JANE CURTIN, Cast Member: John and I were the last two people hired, and John was hired about a week after me, so I didn't have any idea of what was going on there. But I knew John, because John and I were also auditioning for the Howard Cosell show. So I was working with John in those auditions too. He was much sweeter back then, I think, because he couldn't afford the drugs. He was more in control. He was accessible. I actually liked him when we were working on the Cosell show auditions. I thought he was a lot of fun, and I thought he was very talented. And then when he got hired by Saturday Night, I thought it was a very good idea.
LORNE MICHAELS: Gilda and John and Danny had known each other from before. Danny and I had known each other because when I came down, I brought him down from Canada. Gilda and I went back forever. And so you had Laraine, who I brought from L.A., Jane Curtin, who we kind of heard about, and the girl we were going to choose, this girl named Mimi Kennedy. But Gilda was worried that they were too similar.
GARRETT MORRIS: The way I got on the show as an actor is that a couple people on the writing staff were trying to get rid of me as a writer. Mind you, I had two plays that had been produced in New York City. In fact, New York commissioned a play from your boy, okay, and then I wrote another play, which was produced in New York and in L.A. I'm a playwright, so I was having trouble getting my stuff down to a minute or a minute and a half, to fit into some sketch. The first three months or so, a guy there stole an idea and then added a little something to it, and he didn't even give me credit for cowriting. This guy stole from me and then told Lorne I couldn't write. Lorne's response was even-tempered. He wasn't necessarily stroking me like I was a pet, but he was fair. When the challenge came to get rid of me as a writer, Lorne let me audition for the Not Ready for Prime Time Players. He did not fire me. And to this day, I am thankful for that. So I got with the Not Ready for Prime Time Players, and the look on that guy's face for the next four years was the only thing that saved me from jumping on him.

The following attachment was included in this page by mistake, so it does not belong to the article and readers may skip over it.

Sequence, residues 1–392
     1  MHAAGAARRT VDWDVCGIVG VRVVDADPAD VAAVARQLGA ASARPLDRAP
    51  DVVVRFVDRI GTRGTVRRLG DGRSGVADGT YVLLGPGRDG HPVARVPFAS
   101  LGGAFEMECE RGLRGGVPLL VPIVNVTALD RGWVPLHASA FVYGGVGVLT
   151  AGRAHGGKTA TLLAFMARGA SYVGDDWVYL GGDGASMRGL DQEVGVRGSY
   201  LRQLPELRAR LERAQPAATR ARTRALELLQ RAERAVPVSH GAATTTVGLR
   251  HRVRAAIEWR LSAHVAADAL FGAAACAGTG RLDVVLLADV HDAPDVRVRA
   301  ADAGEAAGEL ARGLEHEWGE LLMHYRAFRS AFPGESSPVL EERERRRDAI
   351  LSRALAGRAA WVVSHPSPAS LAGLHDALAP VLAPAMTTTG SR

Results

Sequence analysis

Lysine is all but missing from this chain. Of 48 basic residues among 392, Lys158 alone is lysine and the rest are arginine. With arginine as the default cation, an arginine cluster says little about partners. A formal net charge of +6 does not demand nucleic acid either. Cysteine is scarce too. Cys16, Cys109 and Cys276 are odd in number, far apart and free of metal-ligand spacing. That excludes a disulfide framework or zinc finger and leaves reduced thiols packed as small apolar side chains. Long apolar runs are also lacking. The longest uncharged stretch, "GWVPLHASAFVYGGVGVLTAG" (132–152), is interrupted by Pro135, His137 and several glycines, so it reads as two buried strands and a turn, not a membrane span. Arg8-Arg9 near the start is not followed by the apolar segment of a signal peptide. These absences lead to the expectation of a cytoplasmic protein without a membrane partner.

BERNIE BRILLSTEIN: Lorne really stuck to his guns at the very beginning. He told the network, "I must have seventeen shows. Give the show time to grow." They thought we were insane. And maybe we were. But it wasn't until the tenth show that they really hit their stride. Lorne was this great young writer who had this vision of this type of show. He was also a good producer, but everybody forgets what a great writer he was, and certainly a great editor. He was like a conduit for all the comedy brains at the time. He was just "The Guy."
JOHN LANDIS, Film Director: This is all hindsight, okay? I don't want to take anything away from Lorne, but he was in the right place at the right time. There were comedy movements going on everywhere. In England you had the Pythons, in San Francisco you had the Committee, in Chicago you had Second City, and then in New York - starting in Boston but then moving to New York - you had the National Lampoon Show.
If you look at Saturday Night Live's cast for the first three or four years, you'll see they were all either Lampoon or Second City. He cherry-picked people of great skill and talent that had been trained and gotten their chops.